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Forum Replies

  1. Hi George,

    Sure, here’s an example. We have a router that has learned some EIGRP routes on different interfaces:

    R1#show ip route eigrp 
    Codes: L - local, C - connected, S - static, R - RIP, M - mobile, B - BGP
           D - EIGRP, EX - EIGRP external, O - OSPF, IA - OSPF inter area 
           N1 - OSPF NSSA external type 1, N2 - OSPF NSSA external type 2
           E1 - OSPF external type 1, E2 - OSPF external type 2
           i - IS-IS, su - IS-IS summary, L1 - IS-IS level-1, L2 - IS-IS level-2
           ia - IS-IS inter area, * - candidate default, U - per-user static route
    ... Continue reading in our forum

  2. Derek,
    Route-Maps are the swiss-army knife of Cisco. You can use them for all kinds of things in many different ways depending on the situation. With EIGRP, access-lists, prefix-lists, and route-maps are all options of a distribute-list. In other words, the “distribute-list” keyword is entered first, then you can choose which option you want after. Check out the available options below:

    R1(config-router)#distribute-list ?
      <1-199>      IP access list number
      <1300-2699>  IP expanded access list number
      WORD               Access-list name
    ... Continue reading in our forum

  3. Mounir,
    You are right that your NET_192 access list would match and not match anything else (because of an implicit “deny” at the end of an access-list).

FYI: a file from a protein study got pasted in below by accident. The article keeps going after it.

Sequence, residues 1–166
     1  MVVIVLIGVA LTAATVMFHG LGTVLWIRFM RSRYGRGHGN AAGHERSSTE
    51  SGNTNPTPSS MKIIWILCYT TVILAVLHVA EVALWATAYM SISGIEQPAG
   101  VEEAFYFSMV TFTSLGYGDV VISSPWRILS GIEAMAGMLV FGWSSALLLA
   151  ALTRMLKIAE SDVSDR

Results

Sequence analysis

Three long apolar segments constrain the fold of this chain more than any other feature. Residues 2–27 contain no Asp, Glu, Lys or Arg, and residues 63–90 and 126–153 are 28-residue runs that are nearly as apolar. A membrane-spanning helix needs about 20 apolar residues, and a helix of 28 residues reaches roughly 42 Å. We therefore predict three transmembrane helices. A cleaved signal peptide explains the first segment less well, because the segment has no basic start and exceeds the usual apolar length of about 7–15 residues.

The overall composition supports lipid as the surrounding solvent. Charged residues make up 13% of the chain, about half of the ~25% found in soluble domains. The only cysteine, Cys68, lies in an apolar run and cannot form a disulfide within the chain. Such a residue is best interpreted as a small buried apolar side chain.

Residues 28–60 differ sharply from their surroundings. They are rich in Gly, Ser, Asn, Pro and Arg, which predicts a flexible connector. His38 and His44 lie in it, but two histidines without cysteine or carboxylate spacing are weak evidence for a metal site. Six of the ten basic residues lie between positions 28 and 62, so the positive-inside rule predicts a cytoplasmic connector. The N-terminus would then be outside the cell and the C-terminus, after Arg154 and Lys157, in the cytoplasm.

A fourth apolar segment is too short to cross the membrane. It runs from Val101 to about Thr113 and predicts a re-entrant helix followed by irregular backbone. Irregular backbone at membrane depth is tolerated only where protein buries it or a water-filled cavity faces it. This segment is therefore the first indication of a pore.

Now, in order for a prefix-list to do the same thing, you must also use the prefix-list with something else, say a route-map. A prefix-list by itself will only match or not match a particular network prefix–it won’t perform an action such as permit or deny.

    Let’s start by writing the prefix list that will match only, since you are asking about this:

    (config)#ip prefix-list PL_MAT

    ... Continue reading in our forum

  4. Hi have been working very peripherally on cisco for a few years but signed up and love your explanations. I am working through this lesson but am surprised there is not more of an “intro” to route maps somewhere on the site, seems there is a bit of assumed knowledge on this lesson…

  5. ok I’m in over my head…

    in seq 20 why is there an ge 26 when trying to limit prefix to smaller then 26? I’ll reread in the morning hopefully it will make sense then…

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